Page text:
Several musicians, including Tommy Johnson, said some of Patton’s songs such as “Pony Blues” were Sloan’s songs. Patton played these songs with very few changes.

Some reports indicate that Sloan also left the plantation, possibly moving to Chicago, although this cannot be confirmed and there were no further reports of what happened to him.

Evans research found that Census records suggested Sloan and his family were living around West Memphis, Arkansas in 1920. He may have been the Henry Sloan whose death, aged 78, occurred in Crittenden County on March 13, 1948.

Charlie Patton wrote songs about his impending death: Who was he living with when he died?


Common belief has it that Charlie Patton died at his home in Holly Ridge, Mississippi while being attended to by his common-law wife Bertha Lee. However, some researchers now dispute this version of events.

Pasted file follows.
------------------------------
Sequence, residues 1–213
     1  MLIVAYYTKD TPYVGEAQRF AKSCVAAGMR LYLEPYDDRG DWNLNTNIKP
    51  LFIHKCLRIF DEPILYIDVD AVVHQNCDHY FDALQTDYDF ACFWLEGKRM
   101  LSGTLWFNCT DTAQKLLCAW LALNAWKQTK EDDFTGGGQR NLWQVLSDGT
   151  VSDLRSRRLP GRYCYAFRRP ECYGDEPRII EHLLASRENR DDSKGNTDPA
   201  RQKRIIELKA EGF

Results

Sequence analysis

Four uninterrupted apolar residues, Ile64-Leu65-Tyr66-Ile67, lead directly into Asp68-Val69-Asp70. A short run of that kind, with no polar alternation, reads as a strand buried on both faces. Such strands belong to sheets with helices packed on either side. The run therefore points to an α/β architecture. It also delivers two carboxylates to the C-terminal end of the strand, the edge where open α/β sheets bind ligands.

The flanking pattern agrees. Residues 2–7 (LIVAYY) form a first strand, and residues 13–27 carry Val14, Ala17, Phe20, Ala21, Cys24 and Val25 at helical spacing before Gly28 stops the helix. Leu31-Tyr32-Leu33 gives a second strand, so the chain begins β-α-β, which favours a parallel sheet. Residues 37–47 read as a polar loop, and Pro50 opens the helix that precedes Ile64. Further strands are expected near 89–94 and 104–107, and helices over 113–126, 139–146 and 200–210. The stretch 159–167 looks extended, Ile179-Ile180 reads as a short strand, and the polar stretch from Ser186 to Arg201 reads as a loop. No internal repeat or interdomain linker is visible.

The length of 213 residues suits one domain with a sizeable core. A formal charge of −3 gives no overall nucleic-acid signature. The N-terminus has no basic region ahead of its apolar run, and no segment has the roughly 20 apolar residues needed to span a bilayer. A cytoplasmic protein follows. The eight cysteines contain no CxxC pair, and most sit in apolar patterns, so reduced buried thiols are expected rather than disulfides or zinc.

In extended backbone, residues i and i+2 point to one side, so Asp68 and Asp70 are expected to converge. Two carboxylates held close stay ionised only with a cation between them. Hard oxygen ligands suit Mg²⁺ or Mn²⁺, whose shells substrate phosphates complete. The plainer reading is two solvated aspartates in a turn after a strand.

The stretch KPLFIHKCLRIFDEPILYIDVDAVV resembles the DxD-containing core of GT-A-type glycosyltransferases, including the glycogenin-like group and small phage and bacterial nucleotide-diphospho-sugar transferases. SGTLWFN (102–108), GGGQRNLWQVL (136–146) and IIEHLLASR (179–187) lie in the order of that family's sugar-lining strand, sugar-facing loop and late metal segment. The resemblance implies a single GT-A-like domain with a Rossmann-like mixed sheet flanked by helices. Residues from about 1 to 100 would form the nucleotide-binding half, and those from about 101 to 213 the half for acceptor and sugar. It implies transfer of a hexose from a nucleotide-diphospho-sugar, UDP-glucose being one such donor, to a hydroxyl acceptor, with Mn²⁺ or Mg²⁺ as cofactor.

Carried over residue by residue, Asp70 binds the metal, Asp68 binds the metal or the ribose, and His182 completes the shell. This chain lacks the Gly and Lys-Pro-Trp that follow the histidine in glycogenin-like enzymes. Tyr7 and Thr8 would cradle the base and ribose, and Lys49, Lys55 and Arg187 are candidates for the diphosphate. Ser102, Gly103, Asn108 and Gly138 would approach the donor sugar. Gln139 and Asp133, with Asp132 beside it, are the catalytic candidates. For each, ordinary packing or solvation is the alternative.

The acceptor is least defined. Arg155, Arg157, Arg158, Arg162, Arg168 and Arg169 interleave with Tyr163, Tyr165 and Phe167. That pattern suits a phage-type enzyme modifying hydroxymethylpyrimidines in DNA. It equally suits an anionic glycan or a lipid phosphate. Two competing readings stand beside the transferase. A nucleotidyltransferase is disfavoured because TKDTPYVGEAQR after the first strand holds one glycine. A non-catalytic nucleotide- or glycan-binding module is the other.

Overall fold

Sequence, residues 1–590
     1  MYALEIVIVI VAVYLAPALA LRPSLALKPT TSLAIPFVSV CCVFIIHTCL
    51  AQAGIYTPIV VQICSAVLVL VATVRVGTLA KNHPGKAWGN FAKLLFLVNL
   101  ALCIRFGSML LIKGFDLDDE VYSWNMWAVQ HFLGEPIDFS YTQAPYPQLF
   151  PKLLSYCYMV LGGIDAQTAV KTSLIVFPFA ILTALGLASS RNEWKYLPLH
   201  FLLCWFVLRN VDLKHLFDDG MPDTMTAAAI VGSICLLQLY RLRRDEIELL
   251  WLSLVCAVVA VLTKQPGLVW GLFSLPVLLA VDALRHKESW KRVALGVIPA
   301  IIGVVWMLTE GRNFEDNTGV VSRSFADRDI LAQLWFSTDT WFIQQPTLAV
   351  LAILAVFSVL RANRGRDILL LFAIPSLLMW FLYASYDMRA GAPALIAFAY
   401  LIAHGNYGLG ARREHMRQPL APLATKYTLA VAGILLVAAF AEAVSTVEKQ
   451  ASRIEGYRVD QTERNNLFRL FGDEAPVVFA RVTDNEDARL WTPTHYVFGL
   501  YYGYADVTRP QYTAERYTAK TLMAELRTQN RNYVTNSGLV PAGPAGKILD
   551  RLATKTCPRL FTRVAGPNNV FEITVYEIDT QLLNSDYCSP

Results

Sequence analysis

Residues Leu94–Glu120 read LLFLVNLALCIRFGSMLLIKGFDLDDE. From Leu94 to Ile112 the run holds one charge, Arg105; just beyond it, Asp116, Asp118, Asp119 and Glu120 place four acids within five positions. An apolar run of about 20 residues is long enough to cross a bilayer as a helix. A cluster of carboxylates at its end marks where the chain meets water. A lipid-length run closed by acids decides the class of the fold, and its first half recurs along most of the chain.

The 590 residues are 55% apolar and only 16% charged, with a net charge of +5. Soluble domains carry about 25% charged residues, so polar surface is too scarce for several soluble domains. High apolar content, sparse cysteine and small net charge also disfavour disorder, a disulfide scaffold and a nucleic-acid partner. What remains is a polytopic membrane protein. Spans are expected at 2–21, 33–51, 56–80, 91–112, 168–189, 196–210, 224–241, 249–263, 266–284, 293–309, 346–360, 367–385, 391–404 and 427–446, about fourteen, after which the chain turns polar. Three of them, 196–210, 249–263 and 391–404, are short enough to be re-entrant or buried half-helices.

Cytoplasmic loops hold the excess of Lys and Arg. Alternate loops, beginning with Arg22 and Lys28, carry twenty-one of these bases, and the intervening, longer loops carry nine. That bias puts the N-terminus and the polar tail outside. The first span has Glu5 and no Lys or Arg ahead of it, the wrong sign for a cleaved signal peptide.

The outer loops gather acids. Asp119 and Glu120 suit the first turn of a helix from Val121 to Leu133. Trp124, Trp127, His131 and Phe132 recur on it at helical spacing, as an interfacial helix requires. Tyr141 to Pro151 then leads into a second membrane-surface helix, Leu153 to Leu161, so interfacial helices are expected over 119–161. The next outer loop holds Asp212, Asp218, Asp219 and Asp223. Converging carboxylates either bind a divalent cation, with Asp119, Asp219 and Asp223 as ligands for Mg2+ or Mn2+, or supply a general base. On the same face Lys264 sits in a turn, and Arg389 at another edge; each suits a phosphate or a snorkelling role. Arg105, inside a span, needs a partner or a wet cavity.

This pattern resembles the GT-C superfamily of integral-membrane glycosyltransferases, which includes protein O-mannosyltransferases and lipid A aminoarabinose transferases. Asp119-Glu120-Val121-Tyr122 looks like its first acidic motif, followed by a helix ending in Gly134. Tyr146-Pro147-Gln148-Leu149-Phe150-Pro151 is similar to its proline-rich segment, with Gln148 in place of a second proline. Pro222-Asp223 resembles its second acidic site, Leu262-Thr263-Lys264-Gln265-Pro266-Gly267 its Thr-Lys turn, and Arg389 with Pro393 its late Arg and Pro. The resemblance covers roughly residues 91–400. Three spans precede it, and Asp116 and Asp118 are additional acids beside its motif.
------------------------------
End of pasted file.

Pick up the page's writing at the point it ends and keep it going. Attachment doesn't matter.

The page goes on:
Lee and Patton death

Lee and Patton made the long train trip to New York to make their last recording session at Paramount on Jan. 31, 1934. The songs Patton and Lee produced during this session reveal that they were concerned about his heart trouble and worried about his impending death.

The duo created a balanced female-male sound on these recordings, especially the gospel recordings such as “Oh Death.”  In this song Patton joins Bertha Lee in singing:

Just look, just look, just look, see what the Lord done, done

Just look, just look, just look, what the Lord done, done

Just look, well, Lordy, just look, just look what the Lord done done

Lord, I know, Lord, I know my time ain’t long

It was soon one morning, oh, Lordy, when death come in the room (x3)

Lord, I know, Lord, I know my time ain’t long